COVID-19 has brought science to the forefront of policymaking around the world, and science advisers have become minor celebrities. Now, the public demands the experts are consulted, says Canada’s chief science adviser
The COVID-19 pandemic has brought scientific advice to the forefront of policymaking. We must build on this relationship to maintain trust between scientists, politicians and the public, says Canada‘s chief scientist, Mona Nemer.
“This is an incredibly important time for science to be impacting and influencing our policies and our future,” Nemer told a Science|Business conference this week. “Understanding this developing dynamic, I think we can actually do a lot to move this forward in a very sustainable manner, developing this trustworthy relationship between science and politicians, but also with the public.”
In 2020, dealing with the deadly COVID-19 virus, flustered governments turned to scientists for advice on how to manage the pandemic. Chief scientists in countries around the world could be seen on the news explaining their recommendations and communicating new guidelines. Even in countries where trust in experts has been undermined in recent years, policymakers have relied on scientists to steer a route through the crisis, and to provide them with cover for unpopular lockdown measures.
Nemer believes the demand for science advice in policymaking will continue growing. For one, the public now demands it. People are no longer content with being told what to do without clear reasons why; they want to understand the basis, the data and the evidence behind the decisions. During the crisis, “all this has been put in the public eye like never before, and now the public is demanding more information,” she said.
To make this new relationship work science literacy must be fostered in both citizens and policymakers. Science is not omniscient, and policymakers and citizens need to be aware of its limitations. “I hope we can build on this to maintain the relationship, certainly in Canada, that we have developed between scientists and policymakers,” said Nemer. That way, when the next crisis comes, the relationship does not have to be forced under pressure.
Science advice should also maintain its newly found international dimension. The pandemic made science advice a global endeavour. As a chief scientist, Nemer said she relied on data from around the world to inform the Canadian government on the best course of action.
The high visibility of COVID-19 control measures also meant governments were kept accountable for their policies. If wearing masks was made mandatory in one country, another country’s no-mask approach had to be explained, said Nemer. Sweden, notably, received significant attention for its –science-driven – policy not to impose a national lockdown.
“I think what this pandemic has taught us is the critical importance of maintaining connectivity in terms of both science, research, development, but also science advice,” said Nemer.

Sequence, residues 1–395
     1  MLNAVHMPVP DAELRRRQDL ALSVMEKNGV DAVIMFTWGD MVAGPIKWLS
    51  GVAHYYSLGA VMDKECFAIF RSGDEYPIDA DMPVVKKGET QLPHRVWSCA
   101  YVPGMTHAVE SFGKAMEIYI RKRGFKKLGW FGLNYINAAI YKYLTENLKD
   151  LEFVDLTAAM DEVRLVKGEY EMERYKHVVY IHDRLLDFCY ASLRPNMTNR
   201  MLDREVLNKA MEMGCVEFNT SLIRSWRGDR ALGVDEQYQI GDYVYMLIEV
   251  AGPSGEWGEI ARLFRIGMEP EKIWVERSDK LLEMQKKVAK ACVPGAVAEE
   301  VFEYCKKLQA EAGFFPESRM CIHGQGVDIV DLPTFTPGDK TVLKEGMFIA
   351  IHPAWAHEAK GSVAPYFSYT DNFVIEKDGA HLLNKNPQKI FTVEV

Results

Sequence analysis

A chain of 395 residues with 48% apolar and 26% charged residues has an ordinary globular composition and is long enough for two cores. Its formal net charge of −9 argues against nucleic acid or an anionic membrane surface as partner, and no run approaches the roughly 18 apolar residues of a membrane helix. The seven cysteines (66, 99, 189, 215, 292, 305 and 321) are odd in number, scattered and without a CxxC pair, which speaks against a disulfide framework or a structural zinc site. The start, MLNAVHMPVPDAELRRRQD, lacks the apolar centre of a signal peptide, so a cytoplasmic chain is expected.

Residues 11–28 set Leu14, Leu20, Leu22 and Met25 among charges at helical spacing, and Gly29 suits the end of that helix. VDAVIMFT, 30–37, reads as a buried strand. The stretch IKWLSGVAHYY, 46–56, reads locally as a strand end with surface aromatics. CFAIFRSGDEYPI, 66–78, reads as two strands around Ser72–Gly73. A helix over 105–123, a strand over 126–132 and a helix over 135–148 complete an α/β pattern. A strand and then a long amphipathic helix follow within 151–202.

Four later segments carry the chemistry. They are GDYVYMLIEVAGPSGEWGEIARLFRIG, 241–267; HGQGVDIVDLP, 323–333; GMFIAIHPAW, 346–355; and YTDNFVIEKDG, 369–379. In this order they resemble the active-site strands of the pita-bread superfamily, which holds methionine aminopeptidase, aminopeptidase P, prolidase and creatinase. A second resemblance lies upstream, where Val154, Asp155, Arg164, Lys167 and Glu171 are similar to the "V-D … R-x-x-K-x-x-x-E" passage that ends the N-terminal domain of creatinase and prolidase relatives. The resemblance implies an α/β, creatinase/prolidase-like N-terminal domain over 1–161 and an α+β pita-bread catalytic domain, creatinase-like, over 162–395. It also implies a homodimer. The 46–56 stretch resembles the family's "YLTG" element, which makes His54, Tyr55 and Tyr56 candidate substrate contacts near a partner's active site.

Cooperation with the EU
Canada is a candidate to become a Horizon Europe associated country. When and on what terms this would happen is still largely unclear. We are waiting for Commission guidance “in terms of what association can look like,” said Nemer.
However, there is clearly interest in Canada being associated on both sides. In a separate discussion, Simona Kustec, Slovenia’s education and science minister, said that Canada, together with Australia and the US, is one of the EU’s ‘dream’ research partners. “Having them as full partners on equal footing with other EU member states, that would be my dream to come true,” she said.
In the past, Canadian researchers have been involved in individual projects funded by the EU R&D programmes, but has never had an association agreement. Science and research are also part of Canada’s free trade deal with the EU.
The prospects for closer research cooperation appear to be promising. The EU and Canada have similar goals in fighting climate change and developing clean technology, with both striving for climate neutrality by 2050.
The COVID-19 pandemic has also had a positive impact on the willingness to cooperate, according to Nemer. “The pandemic has shined light on the importance of finding mechanisms that would be both effective and agile for collaboration on an ongoing basis,” she said.
Horizon Europe may well be a mechanism enabling long-term collaboration. “To my knowledge, the importance [for] Canada [of] working with the EU in the context of Horizon Europe has not diminished. On the contrary, we’ve seen the importance [of] working together to speed [up] finding solutions to complex problems,” Nemer said. “Today, it’s a pandemic, tomorrow maybe an environmental crisis. Plus, we don’t need to wait for a crisis to be working together.”